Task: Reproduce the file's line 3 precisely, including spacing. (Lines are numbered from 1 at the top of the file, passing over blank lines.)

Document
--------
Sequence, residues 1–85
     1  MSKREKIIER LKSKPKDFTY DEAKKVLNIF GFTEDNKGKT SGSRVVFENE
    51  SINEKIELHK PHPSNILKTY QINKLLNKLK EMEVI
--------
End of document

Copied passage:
    51  SINEKIELHK PHPSNILKTY QINKLLNKLK EMEVI